Public Reaction and Official Lack of Action
Despite these efforts, the National Registry has reported that hundreds of Icelanders have recently been unregistering themselves from the church (all Icelanders are registered with the church by default; filling out a free form, either on paper or online, is required to change this). Icelanders have been encouraging each other, through social networking sites such as Facebook and others, to unregister.
The debacle had prompted the one government official closest to the church – the Minister of Justice, as the ministry oversees ecclesiastical affairs – to meet with the bishop, to discuss both Waage’s remarks in particular and church matters in general. In the end, though, she washed her hands of their troubles, telling reporters that “the church needs to handle its own matters themselves.” The bishop has also been on the defensive, and not just with regards to his “slip of the pen” – many have been calling for his resignation. Speaking on the television news discussion show Kastljósið recently, the bishop said he believes he still has the support of the nation, and does not plan to resign.
The media has even turned its attention to the nation’s political leaders, asking for their opinion on separation of church and state. As it turns out, half the government favors separation of church and state: the chairpeople of the parties leading the government – Prime Minister Jóhanna Sigurðardóttir of the Social Democrats and Minister of Finance Steingrímur J. Sigfússon of the Leftist-Greens – have recently told reporters that they would like the government to “work towards” separation of church and state. In agreement are Minister of Culture and Education Katrín Jakobsdóttir, Minister of Foreign Affairs Össur Skarphéðinsson, Minister of Business and Economics Gylfi Magnússon, and Minister of Industry Katrín Júlíusdóttir. While neither Össur nor Katrín Jakobsdóttir are registered in the national church, Gylfi and Katrín Júlíusdóttir both are, although they have said they have recently considered unregistering. Chairman of the Foreign Affairs committee Árni Þór Sigurðsson recently wrote an article calling for “a serious discussion on the separation of church and state.”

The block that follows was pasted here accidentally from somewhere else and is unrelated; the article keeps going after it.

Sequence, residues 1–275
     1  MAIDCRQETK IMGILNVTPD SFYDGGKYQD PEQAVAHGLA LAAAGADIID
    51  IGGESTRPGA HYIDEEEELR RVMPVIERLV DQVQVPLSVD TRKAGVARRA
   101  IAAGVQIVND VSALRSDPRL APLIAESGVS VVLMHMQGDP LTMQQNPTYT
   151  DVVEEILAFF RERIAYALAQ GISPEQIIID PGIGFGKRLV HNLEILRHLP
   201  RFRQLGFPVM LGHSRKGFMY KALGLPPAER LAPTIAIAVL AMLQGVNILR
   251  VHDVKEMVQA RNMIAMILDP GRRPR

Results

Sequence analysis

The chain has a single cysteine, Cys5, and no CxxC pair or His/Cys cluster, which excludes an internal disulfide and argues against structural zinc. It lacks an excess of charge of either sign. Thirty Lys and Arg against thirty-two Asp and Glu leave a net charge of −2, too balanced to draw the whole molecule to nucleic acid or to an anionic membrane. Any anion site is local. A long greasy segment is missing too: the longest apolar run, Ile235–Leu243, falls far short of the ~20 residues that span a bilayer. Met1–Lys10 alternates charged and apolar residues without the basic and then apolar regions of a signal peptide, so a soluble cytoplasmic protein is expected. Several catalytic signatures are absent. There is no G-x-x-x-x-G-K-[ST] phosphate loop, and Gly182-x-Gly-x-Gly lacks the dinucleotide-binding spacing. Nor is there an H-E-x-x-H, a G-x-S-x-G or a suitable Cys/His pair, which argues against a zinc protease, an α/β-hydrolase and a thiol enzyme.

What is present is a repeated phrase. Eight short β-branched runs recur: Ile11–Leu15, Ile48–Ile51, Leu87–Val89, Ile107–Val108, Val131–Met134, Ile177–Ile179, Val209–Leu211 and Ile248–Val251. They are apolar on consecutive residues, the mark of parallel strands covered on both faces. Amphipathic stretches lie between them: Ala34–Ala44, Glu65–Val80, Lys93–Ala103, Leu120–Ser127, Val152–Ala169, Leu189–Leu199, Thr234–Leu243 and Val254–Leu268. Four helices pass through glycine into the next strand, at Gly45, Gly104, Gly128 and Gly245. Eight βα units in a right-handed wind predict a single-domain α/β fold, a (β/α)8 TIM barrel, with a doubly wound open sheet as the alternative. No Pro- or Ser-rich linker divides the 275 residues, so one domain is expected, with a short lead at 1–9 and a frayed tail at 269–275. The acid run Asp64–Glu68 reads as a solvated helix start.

At the time of this writing, the future of the church remains unclear. Naturally, most clergy are nervous about the idea – if the church had to survive on donations alone, given the church’s low attendance rates, their size (and clergy salaries) would have to be drastically reduced. But more importantly, clergy who have dedicated themselves to the spiritual guidance of others are understandably hurt. Reverend Halldór Gunnarsson, who sits on the church council, wrote an article of Morgunblaðið entitled “An Apology”. Therein, he says in part, “As one of the church’s leaders, I ask these women, who have suffered because of [former bishop Ólafur Skúlason], to forgive the Icelandic church. I apologize to my nation and ask also the church to seize the day today, and the days to come, to rebuild trust anew, so that there will be no separation between the nation and the church.” Whether Reverend Gunnarsson’s wish will come true remains to be seen. Whatever happens, it is unlikely the Icelandic people’s relationship with their church will ever be the same again.